— Glenn Zweygardt biography page
“Over the years my work has moved grandually in the direction of elegance and simplicity. Heavy, bulbous forms have been replaced by dancing, wing-like forms. The welding process and respect for the qualities of the material are interrelated and affect the final piece. Recently, I have moved from cold rolled steel to Silicon Bronze and a whole new day as dawned.” –John Ferguson
John Ferguson: “This work is an expression, possibly a composite, of all the forms, both organic and manufactured, that are pleasing to me. The work has evolved in the direction of dancing, naturalistic forms such as blown leaves. Heavier cylindrical forms that could be associated with industry and my earlier work are still part of my lexicon.
“The tripartite composition is a given. Somewhere in the far corners of my art education, the idea was presented that “three” was the perfect number because it has a beginning, a middle, and an end. Obviously, this idea took hold.
“The fabrication process is important. My ideas are first realized in small styrofoam models. The models have to be accurately enlarged and reproduced in unyielding steel. This hands-on process stimulates my imagination and increases my vocabulary of forms.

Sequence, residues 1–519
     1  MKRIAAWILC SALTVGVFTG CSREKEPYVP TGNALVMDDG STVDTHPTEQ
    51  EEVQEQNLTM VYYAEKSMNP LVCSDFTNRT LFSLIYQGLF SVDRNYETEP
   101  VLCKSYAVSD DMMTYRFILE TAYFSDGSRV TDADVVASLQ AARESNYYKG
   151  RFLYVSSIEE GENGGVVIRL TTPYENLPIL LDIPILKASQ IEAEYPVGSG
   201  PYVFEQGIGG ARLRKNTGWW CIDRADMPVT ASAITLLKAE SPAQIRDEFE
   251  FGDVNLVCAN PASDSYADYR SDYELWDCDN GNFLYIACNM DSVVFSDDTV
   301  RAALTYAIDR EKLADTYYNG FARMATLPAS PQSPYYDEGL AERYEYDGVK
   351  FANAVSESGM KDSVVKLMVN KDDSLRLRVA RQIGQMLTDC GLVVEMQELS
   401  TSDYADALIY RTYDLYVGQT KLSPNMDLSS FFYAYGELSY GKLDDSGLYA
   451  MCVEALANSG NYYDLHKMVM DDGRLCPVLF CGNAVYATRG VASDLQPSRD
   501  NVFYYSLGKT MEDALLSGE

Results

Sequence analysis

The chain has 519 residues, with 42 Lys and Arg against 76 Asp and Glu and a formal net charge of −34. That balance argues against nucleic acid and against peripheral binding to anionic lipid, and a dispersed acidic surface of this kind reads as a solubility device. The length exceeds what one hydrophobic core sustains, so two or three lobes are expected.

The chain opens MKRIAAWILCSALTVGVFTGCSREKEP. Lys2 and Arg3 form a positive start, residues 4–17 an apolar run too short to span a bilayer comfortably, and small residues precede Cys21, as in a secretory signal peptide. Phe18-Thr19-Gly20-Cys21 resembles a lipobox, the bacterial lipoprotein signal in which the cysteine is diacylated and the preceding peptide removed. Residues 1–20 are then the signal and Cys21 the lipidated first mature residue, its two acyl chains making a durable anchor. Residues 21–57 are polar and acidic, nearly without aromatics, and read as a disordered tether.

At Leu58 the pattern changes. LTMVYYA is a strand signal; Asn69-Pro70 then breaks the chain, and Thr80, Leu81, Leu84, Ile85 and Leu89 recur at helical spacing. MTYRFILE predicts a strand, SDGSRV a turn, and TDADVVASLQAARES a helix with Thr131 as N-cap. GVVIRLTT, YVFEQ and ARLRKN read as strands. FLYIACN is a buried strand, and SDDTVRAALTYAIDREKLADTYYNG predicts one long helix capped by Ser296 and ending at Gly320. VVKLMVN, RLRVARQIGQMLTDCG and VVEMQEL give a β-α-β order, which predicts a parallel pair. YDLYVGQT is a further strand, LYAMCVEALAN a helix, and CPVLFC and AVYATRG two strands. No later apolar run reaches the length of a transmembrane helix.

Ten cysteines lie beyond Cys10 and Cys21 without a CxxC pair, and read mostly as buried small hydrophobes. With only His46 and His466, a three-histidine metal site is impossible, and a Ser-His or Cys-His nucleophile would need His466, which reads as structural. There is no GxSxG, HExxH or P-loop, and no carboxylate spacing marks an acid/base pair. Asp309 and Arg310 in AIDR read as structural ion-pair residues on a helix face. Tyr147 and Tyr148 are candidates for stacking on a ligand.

—John Ferguson, August 1990
“Most of the sculptures that are pictured in my portfolio are made from steel, silicon bronze, and or Cor-Ten steel; shaped to create these beautiful and unique pieces of art … my Sculptures range in sizes anywhere from 12 in. to 30 ft. or larger. My signature color is Corvette red now known as Ferguson Red unless using the natural look of the Cor-Ten steel or silicon bronze. I have also been known to use other colors at client request.” —John Ferguson
Steven Brooks: Born in New York City, Brooks grew up in New Jersey and has lived in Connecticut since graduating from Pratt Institute with honors and a Bachelor’s degree in Industrial Design.